Question: Could I have a couple of quotes from your book of dialogue that shows that personality?

Smith: “Uln’s gone? Do you mean to tell me that the bastard got us here and left us to face the music? And you let him? Oh, Goddess’ tits, do you think you can hang us and let him run off free and clear?”

I was lucky, I suppose, that Gervase was there. He caught at the prince’s arm as he rose, and Tirais did not shake him off, but stood glaring at me.

“You’ll address His Grace with respect, in future,” said Gervase.

“I haven’t got a future,” I said nastily. “If he hasn’t got the jam to take Lord Uln, he’s no business judging us. What good is it to hang the hens for not noticing the fox?”

“I suppose you think you’d have done better? Seeing as how you sleepwalked through Uln’s treason, you feel you’re an authority on this?” Tirais was breathing hard, probably with the effort of not throttling me here and now.

I was aghast. I knew Angharad. Well, all right, “know‟ was a little strong. I had seen her, a number of times. Very lovely, the lady Angharad. And very proud and remote, with lowly troop captains.

I tried to choose my words carefully.

My lady, it’s just that she is Ullin‟s daughter. And we don’t yet know why he was-“

But here Gallerain stood up and loomed over me, his face now purple with rage.

How dare you? You little guttersnipe, how dare you suggest that a sweet and innocent child had even the barest inkling of the treason her parent intended?”

Why not?” I snapped. “You seem to think he confided in me.”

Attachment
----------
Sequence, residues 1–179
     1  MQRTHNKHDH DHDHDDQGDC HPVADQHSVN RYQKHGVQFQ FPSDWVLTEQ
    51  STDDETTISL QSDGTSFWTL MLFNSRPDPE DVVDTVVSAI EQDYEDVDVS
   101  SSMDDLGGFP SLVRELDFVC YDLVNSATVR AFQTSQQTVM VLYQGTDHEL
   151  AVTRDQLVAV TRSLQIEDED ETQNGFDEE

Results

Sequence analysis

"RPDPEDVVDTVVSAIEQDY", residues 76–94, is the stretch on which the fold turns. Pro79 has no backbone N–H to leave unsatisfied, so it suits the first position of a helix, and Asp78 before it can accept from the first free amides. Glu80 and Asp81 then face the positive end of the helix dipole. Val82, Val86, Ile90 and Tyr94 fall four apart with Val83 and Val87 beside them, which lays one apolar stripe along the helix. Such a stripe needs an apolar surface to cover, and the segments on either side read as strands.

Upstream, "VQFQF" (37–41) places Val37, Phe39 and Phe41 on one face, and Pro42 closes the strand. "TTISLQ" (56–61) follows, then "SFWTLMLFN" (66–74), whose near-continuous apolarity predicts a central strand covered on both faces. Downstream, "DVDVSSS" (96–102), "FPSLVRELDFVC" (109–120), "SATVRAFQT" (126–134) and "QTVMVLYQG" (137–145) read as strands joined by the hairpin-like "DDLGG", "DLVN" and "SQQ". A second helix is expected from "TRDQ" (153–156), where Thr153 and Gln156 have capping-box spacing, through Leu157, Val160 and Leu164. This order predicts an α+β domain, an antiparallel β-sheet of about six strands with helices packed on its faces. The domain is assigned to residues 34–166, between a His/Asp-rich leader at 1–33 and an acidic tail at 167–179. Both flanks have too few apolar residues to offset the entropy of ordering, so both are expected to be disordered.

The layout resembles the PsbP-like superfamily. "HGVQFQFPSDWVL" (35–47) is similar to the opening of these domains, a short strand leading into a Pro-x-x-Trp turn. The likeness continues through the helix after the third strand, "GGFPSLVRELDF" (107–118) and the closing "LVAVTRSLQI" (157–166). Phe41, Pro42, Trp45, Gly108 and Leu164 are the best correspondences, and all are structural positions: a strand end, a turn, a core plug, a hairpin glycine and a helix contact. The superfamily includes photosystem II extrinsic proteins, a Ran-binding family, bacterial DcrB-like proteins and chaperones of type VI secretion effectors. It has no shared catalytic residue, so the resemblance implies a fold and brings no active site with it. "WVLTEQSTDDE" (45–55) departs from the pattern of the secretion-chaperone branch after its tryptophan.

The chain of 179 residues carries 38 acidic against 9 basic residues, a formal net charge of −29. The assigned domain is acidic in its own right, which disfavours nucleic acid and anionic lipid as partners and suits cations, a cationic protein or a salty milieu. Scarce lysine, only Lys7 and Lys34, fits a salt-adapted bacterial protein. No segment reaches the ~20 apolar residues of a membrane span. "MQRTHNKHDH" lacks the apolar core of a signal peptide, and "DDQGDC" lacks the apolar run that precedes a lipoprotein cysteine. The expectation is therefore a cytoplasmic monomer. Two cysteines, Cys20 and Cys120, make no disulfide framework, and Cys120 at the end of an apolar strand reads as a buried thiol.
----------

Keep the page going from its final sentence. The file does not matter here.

There was one of those tense silences, where everything seems to stop. From the window, I could hear the echoing sound of casual conversation and laughter, and of birds singing. Gallerain sat slowly, heavily, back into his chair, his mouth agape at my audacity, his face a mask of fury.

Question: What genre would you say the book falls into?

Smith: Fantasy. It’s closest to epic fantasy, although Keridwen herself is a bit low-rent.

Question: Are there any trigger warnings and/or explicit content readers should know about?

Smith: Not really. There is no actual sex – although sex is treated somewhat casually in this culture – and there isn’t really a lot of gore or anything.

Question: Do you have any upcoming events?

Smith: Edmonton Comic Con, September 22-24, 2017

Question: What is next for you? Do you have anything in the works?

Smith: I’m over halfway through a new work taking place in the same world, but from a very different POV.

Question: Do you have any special mentions? (Editor, cover art etc…)

Smith: Julie Nicholls did the cover and I love it!

Question: If you could go anywhere in the world where would it be? Please describe the place rather than just a name. (The weather, the time of day, the ground, the surroundings, foliage, etc.)

Smith: Mam Tor, a hillfort in Yorkshire, around 50BC, before the Romans came.

On a spring day, in the early dawn, when the mist is just rising from the hills below, and the grass is beginning to take on the green…

Question: If the character from above were in that place what would they be doing?

Smith: Making barley porridge and complaining about the stench from the latrines.

Question: If your character was allowed one chance to say anything to your readers, what would he/she say?

Smith: “Don’t tell Tirais – he’ll be furious!”

Question: If your character could donate to any charity, which one would he/she choose?

Smith: I’m guessing Planned Parenthood – she’d be appalled that any woman should be forced to bear a child she didn’t want.


I’ve added A Spell in the Country: A Novel of the Averraine Cycle to my TBR pile and I hope a few of you have too! If you’re interested you can follow the universal link: books2read.com/u/brgoxz.

Thank you, Morgan Smith and all my readers for your time!